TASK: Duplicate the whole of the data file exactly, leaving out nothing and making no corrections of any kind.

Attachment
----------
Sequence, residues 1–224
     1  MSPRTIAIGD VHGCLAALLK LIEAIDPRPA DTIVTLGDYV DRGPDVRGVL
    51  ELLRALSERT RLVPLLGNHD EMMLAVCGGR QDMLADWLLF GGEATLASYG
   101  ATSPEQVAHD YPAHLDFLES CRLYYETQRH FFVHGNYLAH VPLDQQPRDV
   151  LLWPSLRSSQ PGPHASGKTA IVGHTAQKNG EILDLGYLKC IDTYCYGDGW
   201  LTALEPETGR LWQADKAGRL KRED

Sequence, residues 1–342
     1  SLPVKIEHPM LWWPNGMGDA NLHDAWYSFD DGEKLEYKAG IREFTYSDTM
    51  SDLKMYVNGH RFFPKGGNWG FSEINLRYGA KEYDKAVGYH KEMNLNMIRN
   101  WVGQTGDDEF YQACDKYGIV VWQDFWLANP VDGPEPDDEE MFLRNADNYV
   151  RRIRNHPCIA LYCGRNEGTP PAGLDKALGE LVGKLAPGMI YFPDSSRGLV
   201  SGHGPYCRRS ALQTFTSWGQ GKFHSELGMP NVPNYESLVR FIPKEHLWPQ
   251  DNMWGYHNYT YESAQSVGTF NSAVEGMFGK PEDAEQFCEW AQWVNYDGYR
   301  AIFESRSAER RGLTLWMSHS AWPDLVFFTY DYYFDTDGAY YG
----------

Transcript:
Sequence, residues 1–224
     1  MSPRTIAIGD VHGCLAALLK LIEAIDPRPA DTIVTLGDYV DRGPDVRGVL
    51  ELLRALSERT RLVPLLGNHD EMMLAVCGGR QDMLADWLLF GGEATLASYG
   101  ATSPEQVAHD YPAHLDFLES CRLYYETQRH FFVHGNYLAH VPLDQQPRDV
   151  LLWPSLRSSQ PGPHASGKTA IVGHTAQKNG EILDLGYLKC IDTYCYGDGW
   201  LTALEPETGR LWQADKAGRL KRED

Sequence, residues 1–342
     1  SLPVKIEHPM LWWPNGMGDA NLHDAWYSFD DGEKLEYKAG IREFTYSDTM
    51  SDLKMYVNGH RFFPKGGNWG FSEINLRYGA KEYDKAVGYH KEMNLNMIRN
   101  WVGQTGDDEF YQACDKYGIV VWQDFWLANP VDGPEPDDEE MFLRNADNYV
   151  RRIRNHPCIA LYCGRNEGTP PAGLDKALGE LVGKLAPGMI YFPDSSRGLV
   201  SGHGPYCRRS ALQTFTSWGQ GKFHSELGMP NVPNYESLVR FIPKEHLWPQ
   251  DNMWGYHNYT YESAQSVGTF NSAVEGMFGK PEDAEQFCEW AQWVNYDGYR
   301  AIFESRSAER RGLTLWMSHS AWPDLVFFTY DYYFDTDGAY YG